You’re not likely to be find one at a pet store any time soon, but the world’s first glowing bunnies were born in early August in a Turkish laboratory. It’s no weird-science party-trick; researchers are testing a technique that will one day help make new medicines.
First, they extracted a protein from jellyfish DNA that makes it glow. Then they injected that protein into rabbit embryos in the lab. Once the embryos were implanted into a female rabbit, they grew into a litter of eight. Two of them glow green under a black light. They say it doesn’t hurt the rabbits at all, and under normal light, they don’t look any different from their siblings.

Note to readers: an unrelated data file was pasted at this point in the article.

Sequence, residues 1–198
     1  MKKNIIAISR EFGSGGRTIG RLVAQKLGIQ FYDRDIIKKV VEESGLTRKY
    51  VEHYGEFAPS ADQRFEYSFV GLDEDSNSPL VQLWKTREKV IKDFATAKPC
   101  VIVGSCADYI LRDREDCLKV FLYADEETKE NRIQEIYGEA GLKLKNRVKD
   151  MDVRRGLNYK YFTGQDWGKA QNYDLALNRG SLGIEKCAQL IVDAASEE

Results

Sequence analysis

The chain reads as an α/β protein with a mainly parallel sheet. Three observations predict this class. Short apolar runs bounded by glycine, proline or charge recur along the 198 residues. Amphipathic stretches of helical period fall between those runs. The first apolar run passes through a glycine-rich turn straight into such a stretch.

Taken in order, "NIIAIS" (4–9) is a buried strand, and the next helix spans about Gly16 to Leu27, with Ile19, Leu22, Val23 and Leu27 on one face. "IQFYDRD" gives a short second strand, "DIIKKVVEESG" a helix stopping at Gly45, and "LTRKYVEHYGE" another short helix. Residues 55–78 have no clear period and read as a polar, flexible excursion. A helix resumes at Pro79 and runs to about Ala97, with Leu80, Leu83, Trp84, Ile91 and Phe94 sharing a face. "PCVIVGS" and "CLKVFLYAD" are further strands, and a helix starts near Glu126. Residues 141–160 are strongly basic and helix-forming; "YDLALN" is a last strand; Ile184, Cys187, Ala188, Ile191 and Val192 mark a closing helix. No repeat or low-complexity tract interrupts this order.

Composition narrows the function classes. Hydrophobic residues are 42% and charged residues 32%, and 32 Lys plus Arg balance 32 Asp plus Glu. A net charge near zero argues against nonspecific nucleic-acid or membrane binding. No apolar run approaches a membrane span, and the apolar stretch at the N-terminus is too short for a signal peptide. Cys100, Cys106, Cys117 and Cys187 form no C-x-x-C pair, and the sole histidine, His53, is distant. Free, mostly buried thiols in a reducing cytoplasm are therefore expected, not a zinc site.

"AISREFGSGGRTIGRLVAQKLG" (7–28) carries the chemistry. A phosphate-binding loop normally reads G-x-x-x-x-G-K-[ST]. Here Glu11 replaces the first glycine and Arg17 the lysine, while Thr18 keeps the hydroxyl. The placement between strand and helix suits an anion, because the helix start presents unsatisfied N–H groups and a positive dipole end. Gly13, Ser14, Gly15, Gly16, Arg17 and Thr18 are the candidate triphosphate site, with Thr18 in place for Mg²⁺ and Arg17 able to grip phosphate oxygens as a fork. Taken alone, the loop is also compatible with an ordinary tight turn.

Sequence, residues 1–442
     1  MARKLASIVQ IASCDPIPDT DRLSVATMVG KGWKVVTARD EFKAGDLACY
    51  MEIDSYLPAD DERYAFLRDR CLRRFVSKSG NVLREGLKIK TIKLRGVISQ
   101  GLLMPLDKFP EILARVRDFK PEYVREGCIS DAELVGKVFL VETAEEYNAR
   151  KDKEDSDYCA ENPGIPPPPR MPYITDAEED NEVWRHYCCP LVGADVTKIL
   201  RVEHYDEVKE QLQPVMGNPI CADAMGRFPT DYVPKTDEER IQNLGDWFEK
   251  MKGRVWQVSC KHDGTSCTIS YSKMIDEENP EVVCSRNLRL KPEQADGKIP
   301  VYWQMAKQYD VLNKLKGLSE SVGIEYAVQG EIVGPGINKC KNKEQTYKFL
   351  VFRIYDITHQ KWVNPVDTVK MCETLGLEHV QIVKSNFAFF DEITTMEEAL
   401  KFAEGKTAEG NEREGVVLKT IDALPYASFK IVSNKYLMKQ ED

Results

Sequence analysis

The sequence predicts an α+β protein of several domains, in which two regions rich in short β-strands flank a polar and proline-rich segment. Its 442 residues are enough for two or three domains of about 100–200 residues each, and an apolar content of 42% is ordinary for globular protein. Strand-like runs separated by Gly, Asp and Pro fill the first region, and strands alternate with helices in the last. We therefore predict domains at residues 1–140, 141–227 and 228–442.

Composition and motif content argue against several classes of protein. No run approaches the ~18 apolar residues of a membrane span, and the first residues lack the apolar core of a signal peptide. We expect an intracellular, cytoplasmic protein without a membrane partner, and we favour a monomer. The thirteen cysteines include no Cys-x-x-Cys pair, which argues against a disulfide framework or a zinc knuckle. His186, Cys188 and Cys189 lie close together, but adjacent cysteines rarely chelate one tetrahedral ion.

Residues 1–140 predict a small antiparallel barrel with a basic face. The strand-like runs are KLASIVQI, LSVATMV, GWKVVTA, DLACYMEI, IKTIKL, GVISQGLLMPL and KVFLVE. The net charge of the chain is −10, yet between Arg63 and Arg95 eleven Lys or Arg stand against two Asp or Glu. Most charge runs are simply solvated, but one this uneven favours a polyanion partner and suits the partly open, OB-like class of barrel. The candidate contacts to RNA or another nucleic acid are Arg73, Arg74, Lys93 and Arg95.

Of course, the researchers’ ultimate goal is not to make glowing bunnies. It’s to inject a different snippet of DNA into embryos that will make female rabbits produce a specific protein in their milk—a protein that can be used to make medicines to treat certain blood diseases.
So, why bother with the jellyfish protein? Because it’s a lot easier to know right away if the DNA transfer technique works when all you have to do is turn on a black light to see which bunnies have the gene.